The Town of Yates has changed its law to put more restrictions on where wind turbines can be erected as part of its continuing battle to keep the Lighthouse Wind project out of town.
The amendments prohibit wind energy conversion systems from being built within three miles of the Lake Ontario shoreline and within a half mile to one mile from other parts of the town in Orleans County.
Apex Clean Energy has proposed building up to 70 turbines, each up to 620 feet tall including the propeller blades, in Yates and neighboring Somerset. They would be the tallest turbines in the nation, generating enough electricity to power 53,000 homes.
But the two towns are officially opposed to the project after surveying their property owners in 2015 and finding 2-to-1 margins against the plan.
Apex “could certainly challenge it, I hope they don’t,” Yates Supervisor James Simon said of the new law, passed unanimously Thursday by the Town Board.
It increases setbacks from roads, homes, boundaries with other towns and property without turbines to a half mile or six times the height of the turbine, and prohibits turbines within one mile of any village, hamlet, school, church or cemetery.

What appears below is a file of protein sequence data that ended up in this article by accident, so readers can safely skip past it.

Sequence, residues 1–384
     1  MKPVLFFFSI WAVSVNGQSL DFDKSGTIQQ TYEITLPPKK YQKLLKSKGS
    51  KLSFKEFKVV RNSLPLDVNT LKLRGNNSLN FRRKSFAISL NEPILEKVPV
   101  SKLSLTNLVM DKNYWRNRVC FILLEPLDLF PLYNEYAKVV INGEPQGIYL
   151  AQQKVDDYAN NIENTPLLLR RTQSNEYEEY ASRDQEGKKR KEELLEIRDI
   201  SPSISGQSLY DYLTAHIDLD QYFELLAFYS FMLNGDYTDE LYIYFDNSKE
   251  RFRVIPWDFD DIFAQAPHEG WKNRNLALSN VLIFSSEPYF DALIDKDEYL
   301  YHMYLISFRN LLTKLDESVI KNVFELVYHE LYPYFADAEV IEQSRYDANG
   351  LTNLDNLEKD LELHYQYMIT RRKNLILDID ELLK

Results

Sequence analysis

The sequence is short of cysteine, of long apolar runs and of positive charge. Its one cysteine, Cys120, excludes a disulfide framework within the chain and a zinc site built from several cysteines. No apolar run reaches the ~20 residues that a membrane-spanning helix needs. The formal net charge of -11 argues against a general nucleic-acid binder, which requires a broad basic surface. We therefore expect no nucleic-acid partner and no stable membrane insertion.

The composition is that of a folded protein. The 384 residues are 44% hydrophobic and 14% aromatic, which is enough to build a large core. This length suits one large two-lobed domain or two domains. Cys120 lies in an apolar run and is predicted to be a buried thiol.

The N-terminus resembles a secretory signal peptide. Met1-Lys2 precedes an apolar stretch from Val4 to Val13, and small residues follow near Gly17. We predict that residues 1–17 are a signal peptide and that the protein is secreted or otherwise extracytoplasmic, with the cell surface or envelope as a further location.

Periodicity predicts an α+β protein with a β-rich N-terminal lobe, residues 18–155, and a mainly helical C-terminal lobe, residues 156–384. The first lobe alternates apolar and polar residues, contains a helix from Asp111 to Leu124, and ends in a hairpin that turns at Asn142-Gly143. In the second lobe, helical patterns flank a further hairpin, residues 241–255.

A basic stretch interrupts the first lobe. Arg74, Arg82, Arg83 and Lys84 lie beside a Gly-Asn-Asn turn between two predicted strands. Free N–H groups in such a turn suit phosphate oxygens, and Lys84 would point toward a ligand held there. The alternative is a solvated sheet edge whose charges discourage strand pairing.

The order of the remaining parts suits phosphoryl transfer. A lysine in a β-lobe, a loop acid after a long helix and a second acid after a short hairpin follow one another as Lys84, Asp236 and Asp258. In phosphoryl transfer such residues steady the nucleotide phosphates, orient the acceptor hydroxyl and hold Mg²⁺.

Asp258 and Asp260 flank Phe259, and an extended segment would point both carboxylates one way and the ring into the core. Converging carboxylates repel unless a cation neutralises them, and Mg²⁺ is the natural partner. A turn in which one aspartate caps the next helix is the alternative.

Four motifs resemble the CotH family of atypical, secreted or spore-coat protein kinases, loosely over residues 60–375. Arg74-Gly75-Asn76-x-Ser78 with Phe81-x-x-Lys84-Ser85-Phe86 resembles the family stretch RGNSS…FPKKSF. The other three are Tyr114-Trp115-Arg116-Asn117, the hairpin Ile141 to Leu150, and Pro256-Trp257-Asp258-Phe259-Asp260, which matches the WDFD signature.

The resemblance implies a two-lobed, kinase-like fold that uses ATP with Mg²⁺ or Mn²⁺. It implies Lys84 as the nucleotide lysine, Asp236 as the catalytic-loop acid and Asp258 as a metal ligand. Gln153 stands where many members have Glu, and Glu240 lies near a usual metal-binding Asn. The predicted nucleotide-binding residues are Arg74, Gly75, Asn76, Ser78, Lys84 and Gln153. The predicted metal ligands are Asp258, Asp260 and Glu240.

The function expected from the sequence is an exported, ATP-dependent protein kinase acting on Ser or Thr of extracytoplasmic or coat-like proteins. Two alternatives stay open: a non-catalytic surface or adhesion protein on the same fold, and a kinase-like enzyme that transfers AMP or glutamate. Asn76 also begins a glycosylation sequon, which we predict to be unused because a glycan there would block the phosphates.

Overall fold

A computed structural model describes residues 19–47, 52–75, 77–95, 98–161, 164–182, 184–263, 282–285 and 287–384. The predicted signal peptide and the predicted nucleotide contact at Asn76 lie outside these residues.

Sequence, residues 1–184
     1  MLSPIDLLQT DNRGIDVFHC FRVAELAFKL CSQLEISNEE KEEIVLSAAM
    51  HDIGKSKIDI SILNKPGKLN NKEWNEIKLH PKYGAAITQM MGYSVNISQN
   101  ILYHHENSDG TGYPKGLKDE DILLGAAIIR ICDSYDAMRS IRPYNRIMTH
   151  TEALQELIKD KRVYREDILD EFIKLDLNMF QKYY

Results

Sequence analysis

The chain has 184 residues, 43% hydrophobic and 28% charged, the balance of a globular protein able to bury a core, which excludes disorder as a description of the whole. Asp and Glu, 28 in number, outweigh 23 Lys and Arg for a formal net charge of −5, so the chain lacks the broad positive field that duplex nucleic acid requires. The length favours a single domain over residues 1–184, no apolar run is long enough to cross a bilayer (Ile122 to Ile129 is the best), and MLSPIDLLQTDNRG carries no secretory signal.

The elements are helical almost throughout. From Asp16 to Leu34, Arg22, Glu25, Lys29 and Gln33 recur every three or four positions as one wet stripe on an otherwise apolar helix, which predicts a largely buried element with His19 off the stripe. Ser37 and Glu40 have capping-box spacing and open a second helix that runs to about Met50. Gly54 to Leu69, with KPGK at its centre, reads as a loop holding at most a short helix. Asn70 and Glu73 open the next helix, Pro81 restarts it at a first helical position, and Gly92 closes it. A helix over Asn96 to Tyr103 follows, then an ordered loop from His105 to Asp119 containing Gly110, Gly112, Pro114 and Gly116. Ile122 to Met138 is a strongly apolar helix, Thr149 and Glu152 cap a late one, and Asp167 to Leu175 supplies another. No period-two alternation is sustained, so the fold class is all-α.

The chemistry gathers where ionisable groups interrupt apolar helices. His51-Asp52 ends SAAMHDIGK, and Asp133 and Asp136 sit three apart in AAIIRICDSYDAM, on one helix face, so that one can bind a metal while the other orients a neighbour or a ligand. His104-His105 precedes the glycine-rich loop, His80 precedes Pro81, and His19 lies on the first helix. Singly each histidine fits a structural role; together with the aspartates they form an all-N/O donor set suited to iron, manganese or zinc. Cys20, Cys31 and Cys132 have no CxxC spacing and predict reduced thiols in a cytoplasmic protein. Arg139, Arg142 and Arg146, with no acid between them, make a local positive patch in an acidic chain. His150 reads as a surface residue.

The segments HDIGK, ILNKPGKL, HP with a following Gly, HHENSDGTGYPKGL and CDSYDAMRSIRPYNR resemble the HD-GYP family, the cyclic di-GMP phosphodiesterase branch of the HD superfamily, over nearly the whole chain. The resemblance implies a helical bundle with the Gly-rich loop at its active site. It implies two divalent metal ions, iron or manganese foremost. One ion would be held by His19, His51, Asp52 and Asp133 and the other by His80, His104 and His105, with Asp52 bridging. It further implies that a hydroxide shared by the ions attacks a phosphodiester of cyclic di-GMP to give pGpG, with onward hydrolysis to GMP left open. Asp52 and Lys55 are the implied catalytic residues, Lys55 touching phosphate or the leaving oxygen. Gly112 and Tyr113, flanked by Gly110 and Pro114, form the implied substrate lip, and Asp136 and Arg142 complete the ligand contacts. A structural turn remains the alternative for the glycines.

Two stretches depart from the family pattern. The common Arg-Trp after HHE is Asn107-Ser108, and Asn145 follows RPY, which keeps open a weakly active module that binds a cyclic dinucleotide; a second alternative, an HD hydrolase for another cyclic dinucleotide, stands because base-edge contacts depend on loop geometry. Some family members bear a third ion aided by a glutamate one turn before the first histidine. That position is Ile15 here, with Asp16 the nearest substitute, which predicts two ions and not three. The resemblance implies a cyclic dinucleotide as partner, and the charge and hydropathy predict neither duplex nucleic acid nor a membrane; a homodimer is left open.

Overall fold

The Town of Somerset, in Niagara County, on Jan. 29 passed a similar law that banned structures more than 150 feet tall and imposed stringent zoning limitations on the location of wind turbines. The result would make it almost impossible for Apex Clean Energy to construct its proposed wind-power project in the town.
Taylor Quarles, Lighthouse Wind development manager, said the company is “disappointed” by the new laws. He said the company has signed leases with more than 100 property owners in Yates and Somerset, covering about 10,000 acres.
“These excessive setbacks severely restrict landowners use of their land, as well as residents’ chance to benefit from a wind project,” Quarles said. He said the setbacks in the Yates law are far larger than any imposed on any wind project in the state.
Once Apex files a detailed application listing the exact proposed turbine locations, the project requires approval from a siting board comprising five state officials and two local residents. State law allows that board to disregard local laws against wind power if it concludes the laws are “unreasonably burdensome in view of the existing technology or the needs of or costs to ratepayers whether located inside or outside of such municipality.”
Simon said the U.S. Fish and Wildlife Service recommends no wind turbines within three miles of the shore to avoid possible severe impact on avian flyways and habitat.
“We’re doing what we think is appropriate for the town, the character of the town,” Simon said.
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